The handful of haunting and atmospheric images J. M. W. Turner produced of Norham Castle between 1797 and the mid-1840s are among his most celebrated works, culminating in the astounding late, unfinished oil painting at Tate Britain, Norham Castle, Sunrise, c. 1845.
The castle, it could be argued, effectively liberated Turner as a landscape painter, for it was his engagement with Norham that earned the fledgling painter both critical recognition and financial success. It was for this reason that Turner apparently doffed his top hat to the castle, as a mark of grateful respect, when revisiting it in 1831.
This important large watercolour marks the start of Turner’s lifelong connection with Norham. It was first exhibited in London at the Royal Academy in 1798, less than a year after Turner had dragged himself out of bed at his overnight lodgings on the Scottish border to witness the dazzling sunrise above the castle from the banks of the Tweed.
All the individual elements recorded here — the castle, the riverside bothy and the cows — recur in each of Turner’s depictions of Norham, right through to their abstracted manifestations in the Tate picture.
As in many of his early works, it was Turner’s ability to capture with precision the sensations of natural effects that truly set him apart. Here he recreated the effect of a line of smoke suddenly rising as it meets a different environment at a bend in the river.
Turner’s realisation of the sunrise was indebted to the influence of James Thomson, the poet who had lived in the Tweed Valley and who wrote Rule Britannia. Thomson’s evocative poem The Seasons was a touchstone for many artists.
In addition to the title of the work, Turner appended some lines of Thomson’s poem in the exhibition catalogue, using the text to complement his own imagery: ‘But Yonder comes the powerful King of Day / Rejoicing in the East: the lessening cloud, / The Kindling azure, and the mountain’s brow / Illumin’d — his near approach betoken glad’.
‘This is a work upon which we could rivet our eyes for hours and not experience satiety,’ reported the Whitehall Evening Post in 1798
By 1798, the young Turner had already earned respect for his painstaking depictions of architectural subjects. At Norham, though, the picturesque ruins are relegated to the background, allowing the artist to use them not only to create a bold silhouette with the sunrise effect, but also to penetrate it with the ‘fluid gold’ that Thomson described in his poem.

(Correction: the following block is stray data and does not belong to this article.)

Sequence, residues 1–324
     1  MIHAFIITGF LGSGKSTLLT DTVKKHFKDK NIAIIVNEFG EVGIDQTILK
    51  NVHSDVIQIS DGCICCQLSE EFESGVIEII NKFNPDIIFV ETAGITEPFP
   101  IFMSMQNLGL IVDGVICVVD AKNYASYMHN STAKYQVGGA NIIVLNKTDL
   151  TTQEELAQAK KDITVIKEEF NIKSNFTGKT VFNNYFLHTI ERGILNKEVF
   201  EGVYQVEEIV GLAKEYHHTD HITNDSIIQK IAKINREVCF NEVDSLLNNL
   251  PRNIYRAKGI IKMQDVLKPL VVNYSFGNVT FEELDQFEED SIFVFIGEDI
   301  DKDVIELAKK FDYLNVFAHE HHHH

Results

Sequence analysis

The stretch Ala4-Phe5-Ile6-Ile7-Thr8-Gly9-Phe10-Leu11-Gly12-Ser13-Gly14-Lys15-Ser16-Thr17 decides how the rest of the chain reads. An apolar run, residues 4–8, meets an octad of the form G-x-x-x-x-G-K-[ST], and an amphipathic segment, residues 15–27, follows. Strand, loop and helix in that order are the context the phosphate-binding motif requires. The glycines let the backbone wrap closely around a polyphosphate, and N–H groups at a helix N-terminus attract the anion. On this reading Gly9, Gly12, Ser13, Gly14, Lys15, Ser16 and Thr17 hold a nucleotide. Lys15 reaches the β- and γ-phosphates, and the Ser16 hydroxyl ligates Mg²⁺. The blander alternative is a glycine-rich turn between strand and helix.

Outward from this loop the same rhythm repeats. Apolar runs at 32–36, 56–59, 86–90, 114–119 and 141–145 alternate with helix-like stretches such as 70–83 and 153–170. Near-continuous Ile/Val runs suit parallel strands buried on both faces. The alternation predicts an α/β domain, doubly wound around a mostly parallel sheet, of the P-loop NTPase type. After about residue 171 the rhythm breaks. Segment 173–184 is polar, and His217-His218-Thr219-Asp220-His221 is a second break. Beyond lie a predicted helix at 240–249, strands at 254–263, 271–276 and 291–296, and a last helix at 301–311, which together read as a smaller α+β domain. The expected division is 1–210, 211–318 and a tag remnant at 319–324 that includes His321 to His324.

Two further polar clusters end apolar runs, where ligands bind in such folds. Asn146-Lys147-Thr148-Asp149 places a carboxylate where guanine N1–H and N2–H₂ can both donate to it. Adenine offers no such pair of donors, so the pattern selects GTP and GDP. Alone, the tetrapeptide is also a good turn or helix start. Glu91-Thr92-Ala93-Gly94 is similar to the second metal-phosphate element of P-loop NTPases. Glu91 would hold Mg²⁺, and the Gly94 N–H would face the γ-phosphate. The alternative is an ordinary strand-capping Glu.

To achieve the nuanced transition of colours in the sky, and at the tops of the still shaded riverbanks, Turner initially plotted his composition in two full-size studies held by Tate Britain. These demonstrate that his aim was to introduce areas of brilliant light — on the highest points and in the reflections — to suggest the way the advancing golden morning light will eventually infuse and colour the landscape. To intensify the effect he prepared this very large piece of paper with successive diluted washes on both the recto and verso of the sheet.
The response to this highly innovative, richly bucolic and symbolic scene was enthusiastic. Collectors evidently jostled over the picture, but it remains unclear who actually bought it. Soon afterwards other versions were commissioned, including one acquired by Edward Lascelles of Harewood House, which is now at The Higgins Art Gallery and Museum, Bedford.
The ambition of Norham Castle: Sunrise and Turner’s other watercolour exhibits of 1798 provoked the jealousy of his peers, including Benjamin West, P.R.A., who described these works in rather negative fashion as ‘manner’d’.
More generally, the art press praised the striking effects realised in the watercolours, often singling out Norham. ‘This is a work upon which we could rivet our eyes for hours and not experience satiety,’ reported the Whitehall Evening Post, on 2 June 1798. ‘It is one of those few pictures which charm the more, the oftener they are inspected’.
It was even declared that the 1798 watercolours surpassed the works painted in oils that Turner displayed that year — including the famous Lake District views now at Tate Britain.
This magnificent watercolour was in the collection of Luke Herrmann, an expert on British art and the author of several seminal books on Turner which led a to revival of interest in the artist’s engravings.